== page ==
The government through its auditing agency is set to improve its systems to regulate coronavirus-related expenses.
Commission on Audit disclosed its plan last week to team up with members of civil society organizations to comply with the procurement regulations mandated under the Bayanihan Act.
COA Chair Michael Aguinaldo said that online capacity-building activities for citizen-led auditors will be conducted and they will be assigned to specific audit teams as citizen partners.
Aguinaldo was a guest speaker at the online Pilipinas Conference organized by Stratbase Albert del Rosario Institute.
He presented his revolutionary concept aligned with the theme "Opportunities within the Covid-Crisis: Towards Transparent and Accountable Governance".
Aguinaldo said CSO members authorized by the COA as citizen-auditors will perform auditing and related works in the comfort of their homes using digital technology.
He said the voluminous number of funding recipients is very difficult to monitor because there are millions of them and the government have difficulty in doing the liquidation works.
"They (government auditors) always rely on the liquidation done by the distributing government agencies," he said, adding that private citizens engagement will be valuable in auditing the actual receipts as prescribed by law.
Such system will also test the efficiency of the government agency’s mechanism in the distribution of COVID-related assistance, he said.
In the same forum, Legal International Foundation for Electoral Systems senior global adviser Katherine Ellena said the pandemic has required a large amount of government spending and very rapid response to around US$9 trillion globally.
"At the same time, there was a loss of transparency and accountability whether that was from emergency procurement procedures, interruption to access to information processes, various social distancing requirements and lockdowns.” Ellena said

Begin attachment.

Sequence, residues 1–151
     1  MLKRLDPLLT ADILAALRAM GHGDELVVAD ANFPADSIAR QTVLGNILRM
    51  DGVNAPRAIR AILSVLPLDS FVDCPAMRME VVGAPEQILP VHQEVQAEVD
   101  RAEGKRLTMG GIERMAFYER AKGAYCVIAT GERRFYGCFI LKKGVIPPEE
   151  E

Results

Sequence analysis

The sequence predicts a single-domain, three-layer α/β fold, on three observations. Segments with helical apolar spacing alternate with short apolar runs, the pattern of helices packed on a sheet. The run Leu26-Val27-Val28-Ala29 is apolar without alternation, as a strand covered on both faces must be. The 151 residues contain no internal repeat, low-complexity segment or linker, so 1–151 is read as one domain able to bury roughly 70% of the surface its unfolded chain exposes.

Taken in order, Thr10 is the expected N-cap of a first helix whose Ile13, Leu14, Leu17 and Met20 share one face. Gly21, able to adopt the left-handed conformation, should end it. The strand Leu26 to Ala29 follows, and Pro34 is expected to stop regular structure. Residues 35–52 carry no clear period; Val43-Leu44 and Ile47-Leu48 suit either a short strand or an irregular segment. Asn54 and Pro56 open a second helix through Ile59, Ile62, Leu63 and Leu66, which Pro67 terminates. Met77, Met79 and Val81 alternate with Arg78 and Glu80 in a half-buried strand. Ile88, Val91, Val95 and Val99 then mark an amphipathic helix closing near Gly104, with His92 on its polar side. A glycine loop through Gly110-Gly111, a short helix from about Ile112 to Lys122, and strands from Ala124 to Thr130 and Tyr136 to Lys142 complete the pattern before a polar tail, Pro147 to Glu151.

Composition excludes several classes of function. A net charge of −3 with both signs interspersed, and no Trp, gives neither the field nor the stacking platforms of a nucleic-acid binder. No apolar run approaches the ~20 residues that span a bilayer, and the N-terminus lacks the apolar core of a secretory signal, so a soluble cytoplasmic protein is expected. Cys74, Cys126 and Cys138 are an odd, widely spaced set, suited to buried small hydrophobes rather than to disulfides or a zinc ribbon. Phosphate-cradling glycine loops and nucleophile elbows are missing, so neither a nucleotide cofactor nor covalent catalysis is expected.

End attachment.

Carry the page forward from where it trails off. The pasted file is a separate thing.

Ellena said with governments handling large sums of relief and economic funds especially in countries that have upcoming elections, it may be difficult for people who are voting to be able to tell the difference between necessary spending or if it’s meant to influence their vote.
She said that civil society can play a role in helping develop judicial independence protections that can weather political pressures even during future emergency.
In the same forum, International Anti-Corruption Conference Council chairperson and former Transparency International chairperson Huguette Labelle said that in crisis situations, “the need to act promptly on several fronts is vital but can become multiple opportunities for corruption and loss of needed resources though all kinds of things, especially money laundering.”
“Mexico did something very interesting a few years ago because they did establish an independent, totally independent, oversight group that would look after, do oversight of all their major projects from the specifications right to the final delivery. They have identified how many tens and tens of millions of dollars that they have saved because of that, and have gained more trust by their population.” Labelle said.